Bill Taylor, co-founder and founding editor of Fast Company and author of Simply Brilliant: How Great Organizations Do Ordinary Things In Extraordinary Ways, says that Wow service or experience shows up when he encounters a business that does something that he truly did not expect, is memorable and is worth talking about in the future.
Liz Graham, Vice President of Sales and Service at Wayfair, one of the world’s largest online destinations for the home, says that Wow service/experience is all about understanding the customer. So, for example, if a customer calls and wants to return something….by all means help them do that but aim to go further and better understand what went wrong with the thing they want to return as you may still be able to help them.
Rob Pace, founder and CEO of HundredX, a technology platform that provides major brands with listening solutions and collects real-time feedback from customers and employees, says that Wow service comes about when companies close the loop on the feedback that they receive.
PV Kannan, co-founder and CEO of 7, a customer engagement platform, kept it short and to the point when he said Wow service/experience is relative for every single company.
Dr. Simon Moore, a Chartered business and consumer psychologist and CEO of Innovationbubble, a new type of insights agency, says that when it comes to wow service or experience people often think they have to do something big or magical. However, his view is that it is not about big or magical things but that it is much more cumulative. Therefore, it is all about the lots of little things that you do and how they all gel together. And that is what creates wow.
Professor Jan van den Ende, Professor of Management of Technology and Innovation at RSM (Rotterdam School of Management), Erasmus University, says that a wow product is normally associated with something that is very high-end/expensive. However, Jan is also a fan of and considers disruptive products as delivering a business wow too.
Joshua Feast, co-founder and CEO of MIT-spinoff Cogito Corp, that has developed artificial intelligence (AI) technology that delivers real-time emotional intelligence feedback for customer service professionals which helps them have better conversations with customers, says that Wow service/experience comes about when you call a business and you feel, as a customer, that that person is really listening, is empathetic and that it is a fresh interaction for that person regardless of the number of calls that they may have already taken that day.
Rohit Bhargava, a trend curator, author of five best selling books (including the Wall Street Journal bestseller “Non-Obvious”) and founder of the Influential Marketing Group (IMG), says that Wow service/experience for him comes about when you teach people in customer service to be proactively honest in ways that they don’t have to be.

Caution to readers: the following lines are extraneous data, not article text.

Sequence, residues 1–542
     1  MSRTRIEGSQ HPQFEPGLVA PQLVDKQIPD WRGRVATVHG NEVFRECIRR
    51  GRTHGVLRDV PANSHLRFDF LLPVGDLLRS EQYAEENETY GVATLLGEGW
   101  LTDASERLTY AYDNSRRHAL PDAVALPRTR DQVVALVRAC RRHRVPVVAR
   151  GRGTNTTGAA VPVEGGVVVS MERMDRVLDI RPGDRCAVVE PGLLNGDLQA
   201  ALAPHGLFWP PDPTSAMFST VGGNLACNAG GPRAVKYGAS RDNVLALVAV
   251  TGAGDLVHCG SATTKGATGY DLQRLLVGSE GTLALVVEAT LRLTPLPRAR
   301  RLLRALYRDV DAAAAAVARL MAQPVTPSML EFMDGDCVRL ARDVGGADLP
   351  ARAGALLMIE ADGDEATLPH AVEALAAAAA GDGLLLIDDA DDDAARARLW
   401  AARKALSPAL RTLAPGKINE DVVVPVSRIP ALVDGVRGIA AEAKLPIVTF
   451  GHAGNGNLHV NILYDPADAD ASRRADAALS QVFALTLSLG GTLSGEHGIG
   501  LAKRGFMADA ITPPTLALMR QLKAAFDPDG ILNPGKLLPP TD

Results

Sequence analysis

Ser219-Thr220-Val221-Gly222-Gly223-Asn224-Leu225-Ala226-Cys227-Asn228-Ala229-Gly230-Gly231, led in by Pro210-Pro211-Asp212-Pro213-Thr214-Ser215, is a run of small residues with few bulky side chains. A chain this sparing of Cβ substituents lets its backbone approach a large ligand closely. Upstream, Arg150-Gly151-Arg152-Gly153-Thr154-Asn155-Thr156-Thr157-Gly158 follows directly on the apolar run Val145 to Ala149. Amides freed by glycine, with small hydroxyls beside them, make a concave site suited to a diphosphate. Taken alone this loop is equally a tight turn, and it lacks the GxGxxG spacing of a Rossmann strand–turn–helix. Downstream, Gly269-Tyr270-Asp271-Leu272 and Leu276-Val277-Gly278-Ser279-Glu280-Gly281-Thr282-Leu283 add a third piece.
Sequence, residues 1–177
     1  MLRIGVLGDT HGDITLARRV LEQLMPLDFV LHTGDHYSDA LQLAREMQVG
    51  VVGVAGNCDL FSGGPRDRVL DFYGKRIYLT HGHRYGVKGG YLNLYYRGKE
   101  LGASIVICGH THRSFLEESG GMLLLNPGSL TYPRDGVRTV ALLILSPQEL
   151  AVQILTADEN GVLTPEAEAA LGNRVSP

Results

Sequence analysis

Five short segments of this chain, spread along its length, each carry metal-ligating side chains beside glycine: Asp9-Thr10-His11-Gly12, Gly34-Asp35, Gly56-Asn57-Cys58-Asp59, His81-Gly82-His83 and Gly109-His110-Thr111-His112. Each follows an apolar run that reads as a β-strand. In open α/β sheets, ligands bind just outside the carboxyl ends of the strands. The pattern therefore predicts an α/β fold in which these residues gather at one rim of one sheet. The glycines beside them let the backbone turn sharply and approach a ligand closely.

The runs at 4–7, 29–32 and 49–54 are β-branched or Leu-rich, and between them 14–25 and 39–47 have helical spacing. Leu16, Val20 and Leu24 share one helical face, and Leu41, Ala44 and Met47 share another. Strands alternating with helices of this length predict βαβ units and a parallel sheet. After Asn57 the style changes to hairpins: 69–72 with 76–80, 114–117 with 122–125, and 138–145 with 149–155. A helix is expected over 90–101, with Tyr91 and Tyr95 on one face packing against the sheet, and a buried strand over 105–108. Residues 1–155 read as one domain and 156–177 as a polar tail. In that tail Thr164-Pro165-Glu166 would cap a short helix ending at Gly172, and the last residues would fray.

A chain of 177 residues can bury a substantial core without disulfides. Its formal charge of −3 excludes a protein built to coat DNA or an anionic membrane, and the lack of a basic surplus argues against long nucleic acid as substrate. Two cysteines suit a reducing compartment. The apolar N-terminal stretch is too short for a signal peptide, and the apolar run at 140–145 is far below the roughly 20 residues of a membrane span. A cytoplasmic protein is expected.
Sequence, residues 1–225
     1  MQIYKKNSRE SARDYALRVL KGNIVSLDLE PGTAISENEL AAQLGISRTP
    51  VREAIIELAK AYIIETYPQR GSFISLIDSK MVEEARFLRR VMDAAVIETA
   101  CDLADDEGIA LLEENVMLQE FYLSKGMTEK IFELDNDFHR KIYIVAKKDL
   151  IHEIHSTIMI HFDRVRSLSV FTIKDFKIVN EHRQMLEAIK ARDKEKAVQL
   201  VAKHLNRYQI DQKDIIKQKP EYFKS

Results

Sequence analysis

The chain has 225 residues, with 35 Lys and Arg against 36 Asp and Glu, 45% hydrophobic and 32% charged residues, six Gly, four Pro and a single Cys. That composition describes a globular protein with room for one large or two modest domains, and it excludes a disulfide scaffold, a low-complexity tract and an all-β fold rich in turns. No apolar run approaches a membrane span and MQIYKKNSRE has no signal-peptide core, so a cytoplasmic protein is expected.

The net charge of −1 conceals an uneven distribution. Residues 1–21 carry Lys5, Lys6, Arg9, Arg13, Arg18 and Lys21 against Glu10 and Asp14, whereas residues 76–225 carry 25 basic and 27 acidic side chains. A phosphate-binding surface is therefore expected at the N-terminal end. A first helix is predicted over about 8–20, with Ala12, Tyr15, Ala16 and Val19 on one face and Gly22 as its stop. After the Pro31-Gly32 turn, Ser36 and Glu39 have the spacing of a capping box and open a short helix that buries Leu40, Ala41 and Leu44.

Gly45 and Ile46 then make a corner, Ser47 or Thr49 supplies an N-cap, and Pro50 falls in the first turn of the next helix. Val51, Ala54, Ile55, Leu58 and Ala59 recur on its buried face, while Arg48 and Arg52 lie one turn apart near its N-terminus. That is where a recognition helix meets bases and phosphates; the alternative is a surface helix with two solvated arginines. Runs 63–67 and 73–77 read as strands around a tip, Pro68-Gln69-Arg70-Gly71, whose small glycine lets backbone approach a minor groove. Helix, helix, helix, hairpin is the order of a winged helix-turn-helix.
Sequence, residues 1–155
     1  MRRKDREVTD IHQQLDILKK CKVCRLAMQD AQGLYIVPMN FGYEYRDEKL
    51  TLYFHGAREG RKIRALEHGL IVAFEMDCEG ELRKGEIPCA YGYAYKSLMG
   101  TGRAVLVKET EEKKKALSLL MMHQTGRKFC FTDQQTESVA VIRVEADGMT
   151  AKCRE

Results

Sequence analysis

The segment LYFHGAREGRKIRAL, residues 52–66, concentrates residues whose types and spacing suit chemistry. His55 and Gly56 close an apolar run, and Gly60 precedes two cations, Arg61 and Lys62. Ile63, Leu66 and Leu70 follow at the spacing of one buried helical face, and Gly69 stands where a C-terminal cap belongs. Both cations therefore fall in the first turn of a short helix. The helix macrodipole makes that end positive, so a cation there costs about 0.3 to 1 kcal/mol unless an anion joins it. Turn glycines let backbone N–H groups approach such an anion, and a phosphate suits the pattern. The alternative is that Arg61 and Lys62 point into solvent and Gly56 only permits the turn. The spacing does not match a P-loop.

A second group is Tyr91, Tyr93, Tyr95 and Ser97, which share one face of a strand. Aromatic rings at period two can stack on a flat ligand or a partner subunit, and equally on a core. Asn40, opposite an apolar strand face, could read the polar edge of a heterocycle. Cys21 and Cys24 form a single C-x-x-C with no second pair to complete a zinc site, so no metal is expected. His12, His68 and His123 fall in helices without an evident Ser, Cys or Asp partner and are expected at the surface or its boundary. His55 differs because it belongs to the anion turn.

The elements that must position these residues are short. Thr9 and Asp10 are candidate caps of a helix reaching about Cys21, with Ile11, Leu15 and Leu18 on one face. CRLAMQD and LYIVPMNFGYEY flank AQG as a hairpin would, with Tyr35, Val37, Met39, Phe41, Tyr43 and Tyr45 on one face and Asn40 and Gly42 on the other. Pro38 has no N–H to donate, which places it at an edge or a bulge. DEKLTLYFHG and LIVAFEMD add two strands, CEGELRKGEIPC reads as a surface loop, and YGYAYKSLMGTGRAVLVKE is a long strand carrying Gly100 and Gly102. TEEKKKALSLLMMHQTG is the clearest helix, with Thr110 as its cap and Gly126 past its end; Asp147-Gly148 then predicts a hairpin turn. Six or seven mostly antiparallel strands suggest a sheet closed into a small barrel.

Amy Downs, the Chief Happiness and Customer Success Officer of Lifesize, a provider of enterprise & business-class video, audio, & web conferencing solutions, says that Wow service comes about when you deliver more value than the customer anticipated.
Ryan McCarty and Scott Moorehead, founders of Culture of Good and the authors of a new book: Build a Culture of Good, said that Wow experience come about through doing the things that other companies are not willing to take the risk on, doing it for the right reasons and doing it so that it gives employees and customers a ‘why’ that speaks to more than a financial transaction or a pay-check.
Anthony Abbatiello, principal at Deloitte Consulting LLP and global leader of Deloitte Leadership, says that Wow service/experience for him is all about anticipatory or proactive service.
Brian MacNeice, Managing Director, Kotinos Partners & Co-Author of Powerhouse: Insider accounts into the world’s top high-performance organizations, illustrated what Wow service/experience means to him through an example from the St Louis Cardinals:
Professor Michael Solomon, Professor of Marketing in the Haub School of Business at Saint Joseph’s University in Philadelphia and the author of Consumer Behavior: Buying, Having, and Being, says that Wow service/experience for him is all abut over delivering and surprising the customer in a pleasant way and one of the best ways to do that is through personalisation or customisation.
Todd Eby, Founder & CEO of Success Hacker, a boutique customer success advisory firm, says that when it comes to wow service/experience, he thinks about the idea of the frugal wow. As an example of this in practice…. imagine you work in a high tech environment, say, and you have had to keep a customer on the phone for a long time (two hours, say) fixing a complex technical problem. In order to do that they may have had to skip lunch. In this situation and to create a wow, Todd suggests that you should pay for lunch to be sent to them. Another idea he mentions is the idea of strategic gifting, where you can send customers really thoughtful gifts to help ‘move things along’.
Dave O’Flanagan, CEO & Co-Founder at Boxever, a data science and customer intelligence technology company that helps airlines and travel companies leverage the data they already have, says that the wow comes in all the little micro moments that are connected.
Ketti Salemme, Senior Communications Manager at TINYpulse, an employee engagement platform that combines pulse surveys, peer recognition, and performance reviews, believes that Wow service/experience is when someone truly listens to you and takes your feedback seriously.
Blake Morgan, a customer experience futurist, fellow Forbes contributor and the author of More Is More: How the Best Companies Go Farther and Work Harder to Create Knock-Your-Socks-Off Customer Experiences, says that Wow service and experience for her is not complicated and it is all about listening. If a company shows that they listen and care then they will have won her over.
If you have got this far. Nice work.
We’re only half way though my list but, even so, I hope that you are able to see the breadth of perspectives and depth of insights on offer.
I also hope that you can see how delivering a Wow service/experience is something that is very attainable with a clear strategy, focus and dedication.
Look out for Part 2 in a few days.
Thanks to Pixabay for the image.